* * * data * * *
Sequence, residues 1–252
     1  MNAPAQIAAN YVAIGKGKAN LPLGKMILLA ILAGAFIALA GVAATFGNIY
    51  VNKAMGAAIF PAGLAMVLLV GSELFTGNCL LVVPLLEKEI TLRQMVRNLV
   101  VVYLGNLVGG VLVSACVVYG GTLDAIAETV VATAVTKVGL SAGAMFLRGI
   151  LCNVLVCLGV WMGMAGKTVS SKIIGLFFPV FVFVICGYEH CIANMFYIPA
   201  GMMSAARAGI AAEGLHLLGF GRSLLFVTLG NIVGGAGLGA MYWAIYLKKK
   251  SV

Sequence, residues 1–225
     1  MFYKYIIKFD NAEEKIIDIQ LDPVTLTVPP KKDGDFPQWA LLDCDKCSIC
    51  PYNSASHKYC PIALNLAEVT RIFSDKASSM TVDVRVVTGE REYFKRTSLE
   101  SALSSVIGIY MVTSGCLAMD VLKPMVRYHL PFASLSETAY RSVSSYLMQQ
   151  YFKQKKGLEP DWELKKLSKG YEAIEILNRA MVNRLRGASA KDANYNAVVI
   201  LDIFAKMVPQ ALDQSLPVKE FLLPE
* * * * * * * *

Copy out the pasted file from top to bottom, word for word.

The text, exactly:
Sequence, residues 1–252
     1  MNAPAQIAAN YVAIGKGKAN LPLGKMILLA ILAGAFIALA GVAATFGNIY
    51  VNKAMGAAIF PAGLAMVLLV GSELFTGNCL LVVPLLEKEI TLRQMVRNLV
   101  VVYLGNLVGG VLVSACVVYG GTLDAIAETV VATAVTKVGL SAGAMFLRGI
   151  LCNVLVCLGV WMGMAGKTVS SKIIGLFFPV FVFVICGYEH CIANMFYIPA
   201  GMMSAARAGI AAEGLHLLGF GRSLLFVTLG NIVGGAGLGA MYWAIYLKKK
   251  SV

Sequence, residues 1–225
     1  MFYKYIIKFD NAEEKIIDIQ LDPVTLTVPP KKDGDFPQWA LLDCDKCSIC
    51  PYNSASHKYC PIALNLAEVT RIFSDKASSM TVDVRVVTGE REYFKRTSLE
   101  SALSSVIGIY MVTSGCLAMD VLKPMVRYHL PFASLSETAY RSVSSYLMQQ
   151  YFKQKKGLEP DWELKKLSKG YEAIEILNRA MVNRLRGASA KDANYNAVVI
   201  LDIFAKMVPQ ALDQSLPVKE FLLPE